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KEY TECHNOLOGY TRENDS FOR MANAGEMENT ACCOUNTANTS

By ERIC MATYAC, PMP; CHRIS MISHLER, CMA, CIA, CISA; AND BRAD MONTERIO
June 30, 2015
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The list includes some technology solutions that have been around for a while and some that are relatively new.

 

A major challenge of today’s technologies is that there are too many of them. Innovations occur daily, and companies can’t keep pace with the associated changes, complexities, costs, and risks for adopting them.

 

Earlier this year, IMA’s Technology Solutions & Practices (TS&P) Committee identified more than 200 technology trends gathered from analyst firms, technology visionaries, business and technology media, and market research. After analyzing them, the Committee selected those most relevant to management accountants. The goal is to use this list as a guide to develop resources for IMA® members so they can further their understanding of and leverage technology in their business. Here are eight key technology trends for 2015.

 

  1. Data Governance

A data governance strategy and plan speaks to a company’s overall management of the availability of information, the usability or utility of that information, and the integrity, quality, and security of information. Data is a mission-critical asset of any company today. The company’s ability to govern and manage this critical asset is equally important. Boards of directors and senior management need to ensure that they have adequate strategies and plans in place to govern and protect their information assets. With cybersecurity breaches in the daily headlines, governing data assets is now a material risk factor. Lack of good data governance exposes companies to significant potential risks, including loss of data, control, customers, trust, brand credibility, and reputation, not to mention lawsuits.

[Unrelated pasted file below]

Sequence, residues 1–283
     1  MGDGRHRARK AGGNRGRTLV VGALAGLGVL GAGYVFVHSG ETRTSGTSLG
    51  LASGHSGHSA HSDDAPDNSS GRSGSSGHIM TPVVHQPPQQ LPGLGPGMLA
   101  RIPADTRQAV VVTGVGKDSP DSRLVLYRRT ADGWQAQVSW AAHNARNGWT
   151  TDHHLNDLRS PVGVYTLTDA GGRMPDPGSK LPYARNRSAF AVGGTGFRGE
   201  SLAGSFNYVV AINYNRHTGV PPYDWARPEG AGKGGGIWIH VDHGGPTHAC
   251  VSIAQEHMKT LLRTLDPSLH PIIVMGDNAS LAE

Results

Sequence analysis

1. Big Data

As the ability to cost effectively capture data from an exploding number of sources improves, so does the potential for utilizing the data to drive economic activity and decision making. Big Data, along with advanced analytics, is a rapidly evolving opportunity that also presents several challenges when dealing with data storage, analysis, learning, filing systems, data models, reporting methodologies, software deployment, hardware needs, and more.

 

  1. Business Intelligence and Analytics